Laura Boyer was born with business in her blood. As a newborn, her parents were juggling business responsibilities at the family-owned nursing homes in Newark, Delaware, and Reading, Pennsylvania, where Bruce was the owner and operator and during that time Gail owned a speech pathologist practice.
Boyer would go to the Newark Manor and Green Hills Manor as a tot, sitting in meetings, playing in the offices, and visiting with the residents.
She was mentored in Christian business practices. As example, she watched her dad put nursing assistant Rita Moore through nursing school to become the director of nursing, a position she’s held for the past six years of her 35-year tenure.
She saw her dad give free lunch every day to the postman who after his retirement became a maintenance employee for the facility. Now at 82, Wallace “Diddy” Magaw has a Christian love for the Boyer family as he loyally services the repairs at the facility.
In and out of the family business, and after years of Adventist education, Boyer graduated from Highland View Academy in Hagerstown, MD, and continued a traditional business path to Southern Adventist University where she earned a bachelor’s degree in long-term care administration and a MBA in management, 2013, and 2014 respectively.
It just seemed natural for her to return to the family business with her parents and two brothers. Sloan Healthcare Management had grown to a chain of six privately-owned facilities including nursing homes, personal care and assisted living. In addition, the family business had expanded to include a green energy solutions converting lighting into energy-efficient LED lighting, solar, wind and waste into energy, and desalination.
After graduation, Boyer became an administrator-in-training at the family’s Dallastown Nursing Center in rural Dallastown, Pennsylvania. This facility had been part of the community for the last 60 years. It was a great place to get hands-on experience for her state and federal boards.
A series of events took place for Boyer that included a visit from Neil Nedley, MD, president of Weimar Institute. Dr. Nedley encouraged her to check out the HEALTH program at Weimar. HEALTH, an acronym for Health, Evangelism, And Training for Him, is a certification program that teaches how to incorporate health and wellness as an evangelism mechanism to meet people and share about Jesus Christ.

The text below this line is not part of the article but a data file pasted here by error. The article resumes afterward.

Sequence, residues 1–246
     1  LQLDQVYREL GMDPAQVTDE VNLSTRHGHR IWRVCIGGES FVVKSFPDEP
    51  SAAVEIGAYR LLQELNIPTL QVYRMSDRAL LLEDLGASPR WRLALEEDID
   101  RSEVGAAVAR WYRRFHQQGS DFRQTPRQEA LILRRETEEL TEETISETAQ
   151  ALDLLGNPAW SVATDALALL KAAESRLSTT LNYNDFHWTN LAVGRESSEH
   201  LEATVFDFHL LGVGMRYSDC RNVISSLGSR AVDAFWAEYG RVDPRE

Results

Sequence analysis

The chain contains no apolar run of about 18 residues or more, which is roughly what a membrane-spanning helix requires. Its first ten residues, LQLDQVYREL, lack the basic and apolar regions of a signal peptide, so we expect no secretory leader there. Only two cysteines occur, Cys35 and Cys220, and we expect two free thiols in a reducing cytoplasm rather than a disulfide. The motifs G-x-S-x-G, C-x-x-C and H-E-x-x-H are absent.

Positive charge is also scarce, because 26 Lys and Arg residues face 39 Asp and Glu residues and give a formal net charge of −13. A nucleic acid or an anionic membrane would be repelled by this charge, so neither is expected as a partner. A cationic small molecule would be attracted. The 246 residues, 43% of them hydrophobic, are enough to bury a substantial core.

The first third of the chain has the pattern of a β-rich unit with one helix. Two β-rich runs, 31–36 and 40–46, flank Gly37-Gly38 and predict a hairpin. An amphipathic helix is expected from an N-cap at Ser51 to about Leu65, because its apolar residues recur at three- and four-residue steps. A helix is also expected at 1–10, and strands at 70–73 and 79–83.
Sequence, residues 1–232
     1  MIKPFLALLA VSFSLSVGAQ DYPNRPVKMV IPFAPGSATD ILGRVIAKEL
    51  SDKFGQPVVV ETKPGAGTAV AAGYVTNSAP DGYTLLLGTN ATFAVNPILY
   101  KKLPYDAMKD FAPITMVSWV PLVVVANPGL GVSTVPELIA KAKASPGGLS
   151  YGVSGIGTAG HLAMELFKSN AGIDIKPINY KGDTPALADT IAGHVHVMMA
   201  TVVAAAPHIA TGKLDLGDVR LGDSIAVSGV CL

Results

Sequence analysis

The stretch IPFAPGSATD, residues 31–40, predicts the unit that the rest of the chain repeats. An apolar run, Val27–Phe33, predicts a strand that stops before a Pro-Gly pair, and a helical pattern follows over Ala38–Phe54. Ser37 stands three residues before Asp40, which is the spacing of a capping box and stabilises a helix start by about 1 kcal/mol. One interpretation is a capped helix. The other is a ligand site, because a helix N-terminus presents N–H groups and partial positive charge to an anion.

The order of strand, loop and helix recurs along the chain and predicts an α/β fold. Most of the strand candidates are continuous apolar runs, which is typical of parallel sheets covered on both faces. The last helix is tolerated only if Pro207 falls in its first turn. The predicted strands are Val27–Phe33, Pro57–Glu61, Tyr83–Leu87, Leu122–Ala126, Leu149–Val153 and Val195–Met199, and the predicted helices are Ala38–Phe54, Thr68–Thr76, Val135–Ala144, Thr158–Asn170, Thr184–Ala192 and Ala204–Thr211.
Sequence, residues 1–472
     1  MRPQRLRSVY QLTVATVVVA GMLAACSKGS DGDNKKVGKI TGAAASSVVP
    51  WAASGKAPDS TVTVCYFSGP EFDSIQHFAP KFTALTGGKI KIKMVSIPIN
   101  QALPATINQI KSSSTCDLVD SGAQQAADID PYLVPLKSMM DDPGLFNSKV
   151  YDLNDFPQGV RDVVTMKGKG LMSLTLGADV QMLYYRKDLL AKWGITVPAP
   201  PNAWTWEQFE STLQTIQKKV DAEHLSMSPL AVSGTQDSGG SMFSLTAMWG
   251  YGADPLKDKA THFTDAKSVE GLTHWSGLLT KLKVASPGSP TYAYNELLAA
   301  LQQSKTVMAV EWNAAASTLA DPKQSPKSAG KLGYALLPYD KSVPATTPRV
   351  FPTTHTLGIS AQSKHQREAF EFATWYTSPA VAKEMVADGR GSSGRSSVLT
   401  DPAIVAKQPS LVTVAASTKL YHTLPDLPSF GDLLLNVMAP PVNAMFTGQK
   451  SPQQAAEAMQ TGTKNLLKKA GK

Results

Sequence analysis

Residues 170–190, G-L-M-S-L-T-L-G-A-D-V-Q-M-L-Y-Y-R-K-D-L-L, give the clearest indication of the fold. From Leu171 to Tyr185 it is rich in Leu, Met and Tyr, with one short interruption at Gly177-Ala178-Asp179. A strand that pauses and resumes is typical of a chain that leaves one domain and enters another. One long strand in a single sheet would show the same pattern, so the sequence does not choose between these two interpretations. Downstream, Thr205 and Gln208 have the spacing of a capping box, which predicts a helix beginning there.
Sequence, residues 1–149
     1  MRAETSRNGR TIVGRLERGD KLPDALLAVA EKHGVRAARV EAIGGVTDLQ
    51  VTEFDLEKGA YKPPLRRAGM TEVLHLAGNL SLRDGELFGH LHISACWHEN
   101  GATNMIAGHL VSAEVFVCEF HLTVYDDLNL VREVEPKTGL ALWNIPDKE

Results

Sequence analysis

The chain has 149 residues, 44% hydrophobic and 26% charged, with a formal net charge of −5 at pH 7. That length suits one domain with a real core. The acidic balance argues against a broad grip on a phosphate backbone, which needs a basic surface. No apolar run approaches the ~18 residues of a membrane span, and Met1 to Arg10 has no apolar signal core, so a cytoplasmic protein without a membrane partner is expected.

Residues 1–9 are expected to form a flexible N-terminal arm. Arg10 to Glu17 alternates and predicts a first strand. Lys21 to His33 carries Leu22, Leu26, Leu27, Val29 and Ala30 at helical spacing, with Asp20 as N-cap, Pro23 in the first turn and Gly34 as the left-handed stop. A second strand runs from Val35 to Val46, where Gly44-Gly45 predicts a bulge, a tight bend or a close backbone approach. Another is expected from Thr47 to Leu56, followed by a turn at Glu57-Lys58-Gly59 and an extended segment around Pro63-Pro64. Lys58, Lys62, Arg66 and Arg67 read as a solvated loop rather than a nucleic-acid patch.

She declined the invitation.
On a second occasion, Dr. Nedley vacationed with the Boyer family and once again encouraged Boyer to check out the HEALTH program at Weimar Institute.
“This didn’t make sense to me,” remembered Boyer. “I had a degree, a master’s in business, and had a career path in the family business to be administrator for one of the facilities.”
God had other plans for Boyer. She continued to struggle with this invitation so much that she and a friend drove from Maryland to California so she could make it in time to start the HEALTH program in the fall of 2016; a tight schedule after taking her nursing home administration boards.
Graduating in December last year with this HEALTH training certification, she felt impressed to help build a business program at Weimar, one as she puts it, “that was based on Biblical principles and the Spirit of Prophecy”.
With the strict accreditation guidelines for starting a new program, Boyer worked closely with Weimar’s academic vice president Allen Davis, Ph.D., and Kristine Brunkow, director of institutional research and accreditation specialist. They knew the standard academic components needed for a program; they just needed to ensure that program was reflective of Weimar’s distinctively Seventh-day Adventist culture.
“We wanted to train young people in using business to further the kingdom,” shared Boyer.
Therefore, Boyer organized two business advisory council meetings, where Christian business leaders came to campus to share their thoughts and suggestions on what a business program should look like – one that had the core components of accounting and business law but had Christian ethics, business witnessing opportunities, and so much more.
Boyer’s parents were among the approximate 35 business leaders who participated in the advisory council. After the weekend planning session, Bruce Boyer said, “She has a higher calling to be about her Heavenly Father’s business.”
The senior Boyer and other participants agreed to host internships for the business students, provide mentoring opportunities, and even come back to campus to do intensives; where they would lecture about real-life business opportunities to provide Christian service in the workplace.
“We wanted business leaders who think differently on how to use business as a ministry instead of just paying the bills,” said Boyer. “And, we have it here!”
Weimar Institute is currently taking student applications for the bachelor in business administration program that has two tracts – healthcare administration or organizational leadership. Those interested should call 530-422-7923 or email firstname.lastname@example.org.
Classes begin on August 18.
“God will bless this program and in a few years, we’ll have Weimar Institute’s specially-trained Christian business leaders in mission clinics, hospitals, and long term care facilities around the world.”